The publisher P. F. Collier and Son saw an opportunity, and challenged him to make good on this statement by selecting an appropriate collection of works; the Harvard Classics was the result. Eliot worked for one year together with William A. Neilson, a professor of English; Eliot determined the works to be included and Neilson selected the specific editions and wrote introductory notes (Kirsch 2001). Each volume had 400 to 450 pages or so; and the included texts are “so far as possible, entire works or complete segments of the world’s written legacies” (Going 2006).
The collection was widely advertised by Collier and Son, in Collier’s Magazine and elsewhere, with great success. As Adam Kirsch, writing in 2001 Harvard magazine, notes, “It is surprisingly easy, even today, to find a complete set of the Harvard Classics in good condition. At least one is usually for sale on eBay, the Internet auction site, for $300 or so, a bargain at $6 a book. The supply, from attics or private libraries around the country, seems endless—a tribute to the success of the publisher, P.F. Collier, who sold some 350,000 sets within 20 years of the series’ initial publication” (Kirsch 2001). A separate 20-volume selection by Eliot, the Harvard Classics Shelf of Fiction, was published in 1917.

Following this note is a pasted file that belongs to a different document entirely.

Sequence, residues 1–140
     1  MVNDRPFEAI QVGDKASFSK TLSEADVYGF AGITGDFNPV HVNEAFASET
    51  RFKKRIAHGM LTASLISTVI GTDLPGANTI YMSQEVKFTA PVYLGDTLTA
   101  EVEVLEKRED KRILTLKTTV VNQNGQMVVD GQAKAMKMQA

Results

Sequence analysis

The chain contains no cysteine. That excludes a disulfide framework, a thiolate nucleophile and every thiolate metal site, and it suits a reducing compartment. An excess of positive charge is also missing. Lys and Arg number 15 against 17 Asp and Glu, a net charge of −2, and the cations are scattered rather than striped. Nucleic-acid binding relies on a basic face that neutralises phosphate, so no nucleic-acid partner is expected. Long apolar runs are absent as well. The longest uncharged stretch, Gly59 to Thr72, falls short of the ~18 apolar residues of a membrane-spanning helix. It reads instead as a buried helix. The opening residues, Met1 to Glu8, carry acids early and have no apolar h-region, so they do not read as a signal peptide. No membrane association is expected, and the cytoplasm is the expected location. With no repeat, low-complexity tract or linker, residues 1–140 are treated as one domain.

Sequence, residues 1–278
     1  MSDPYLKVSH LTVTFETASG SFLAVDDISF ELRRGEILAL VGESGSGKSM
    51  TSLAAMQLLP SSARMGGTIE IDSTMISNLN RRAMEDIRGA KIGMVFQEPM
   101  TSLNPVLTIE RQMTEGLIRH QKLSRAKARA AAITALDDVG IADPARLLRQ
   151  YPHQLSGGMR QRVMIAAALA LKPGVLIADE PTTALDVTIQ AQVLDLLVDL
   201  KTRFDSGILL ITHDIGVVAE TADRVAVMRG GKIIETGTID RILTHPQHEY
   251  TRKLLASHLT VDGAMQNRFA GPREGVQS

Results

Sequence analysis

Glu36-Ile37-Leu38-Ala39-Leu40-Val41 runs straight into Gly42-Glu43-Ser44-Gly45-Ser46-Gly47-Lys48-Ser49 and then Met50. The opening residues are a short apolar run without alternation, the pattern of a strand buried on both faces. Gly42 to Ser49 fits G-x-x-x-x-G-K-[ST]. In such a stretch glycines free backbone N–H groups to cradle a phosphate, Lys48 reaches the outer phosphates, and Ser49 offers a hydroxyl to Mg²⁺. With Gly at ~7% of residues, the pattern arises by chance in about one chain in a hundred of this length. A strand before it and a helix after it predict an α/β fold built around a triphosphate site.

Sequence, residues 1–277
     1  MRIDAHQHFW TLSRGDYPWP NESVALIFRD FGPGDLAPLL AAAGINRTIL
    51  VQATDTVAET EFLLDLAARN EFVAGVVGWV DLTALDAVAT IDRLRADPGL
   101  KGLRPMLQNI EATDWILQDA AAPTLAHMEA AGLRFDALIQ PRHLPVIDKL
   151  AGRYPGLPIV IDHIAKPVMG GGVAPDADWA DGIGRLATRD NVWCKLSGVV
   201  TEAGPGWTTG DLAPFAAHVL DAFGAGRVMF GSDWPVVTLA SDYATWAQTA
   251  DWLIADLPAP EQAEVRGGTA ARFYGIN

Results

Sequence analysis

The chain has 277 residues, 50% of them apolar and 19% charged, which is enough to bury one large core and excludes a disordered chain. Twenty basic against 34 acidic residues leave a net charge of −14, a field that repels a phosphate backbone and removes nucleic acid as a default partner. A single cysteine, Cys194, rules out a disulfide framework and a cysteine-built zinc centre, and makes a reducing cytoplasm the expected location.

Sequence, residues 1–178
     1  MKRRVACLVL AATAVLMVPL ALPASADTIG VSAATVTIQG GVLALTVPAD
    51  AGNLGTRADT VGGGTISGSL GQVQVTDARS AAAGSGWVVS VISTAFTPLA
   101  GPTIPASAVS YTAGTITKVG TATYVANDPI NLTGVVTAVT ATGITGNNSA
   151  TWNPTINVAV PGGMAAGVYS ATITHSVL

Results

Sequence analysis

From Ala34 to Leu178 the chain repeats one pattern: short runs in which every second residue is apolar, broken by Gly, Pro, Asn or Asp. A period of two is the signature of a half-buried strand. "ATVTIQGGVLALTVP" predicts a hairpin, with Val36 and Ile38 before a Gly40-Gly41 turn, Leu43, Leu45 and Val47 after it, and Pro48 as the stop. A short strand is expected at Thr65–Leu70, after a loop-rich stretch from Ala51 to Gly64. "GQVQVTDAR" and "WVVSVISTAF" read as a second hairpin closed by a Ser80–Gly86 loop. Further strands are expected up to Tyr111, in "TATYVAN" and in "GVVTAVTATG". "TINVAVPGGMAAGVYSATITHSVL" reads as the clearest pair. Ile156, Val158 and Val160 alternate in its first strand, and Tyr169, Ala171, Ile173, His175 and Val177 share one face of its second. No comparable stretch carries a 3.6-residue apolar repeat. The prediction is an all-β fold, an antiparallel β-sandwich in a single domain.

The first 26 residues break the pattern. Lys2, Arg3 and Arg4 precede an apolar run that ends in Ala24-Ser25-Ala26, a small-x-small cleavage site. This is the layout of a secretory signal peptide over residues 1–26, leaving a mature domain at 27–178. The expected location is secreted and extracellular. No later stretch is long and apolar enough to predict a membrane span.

Collier’s was a major publisher of sets in the early 1900s and throughout the century issued many multi-volume sets of authors as diverse as Charles Dickens, Rudyard Kipling, John Steinbeck, P. G. Wodehouse and Arthur Conan Doyle.
Currently, a hardcover set of the Harvard Classics (now in the public domain) is published by Easton Press and a paperback version by Kessinger Publishing.
The question of how to mitigate, let alone solve, the problem of London’s cost-of-breathing crisis, sorry, cost-of-living crisis seems inescapable, like a perverse and all too real Millennium Prize Problem. It appears as though we have bound so far down an economic cul-de-sac, justified on the quasi-religious neo-classical truths of supply and demand and global competition, that advertising a £450,000 one bedroom flat as ‘ideal for first time buyers or as a pied-à-terre’ is apparently perfectly acceptable. The problems this plight presents are real and well discussed – homelessness, families evicted by unscrupulous buy-to-let landlords (who are perhaps second only to investment bankers in the UKs Most Despised Persons list), and overcrowding. What estate agents gleefully herald as ‘gentrification’, the newly elected Labour leader evocatively decries as ‘ethnic cleansing’. However, I want to consider this housing crisis from an alternative perspective, one informed as much by my career as a musician as it is by my academic desire to understand the operation, and consequences of, contemporary creative markets in urban contexts. I want to question the cultural ramifications of this housing crisis; the artistic implications of a farcical situation whereby, for example, Help to Buy is required by magic-circle lawyers – as per a great friend of mine recently. In short, what does the housing crisis mean for art, and for the future of London as a creative city.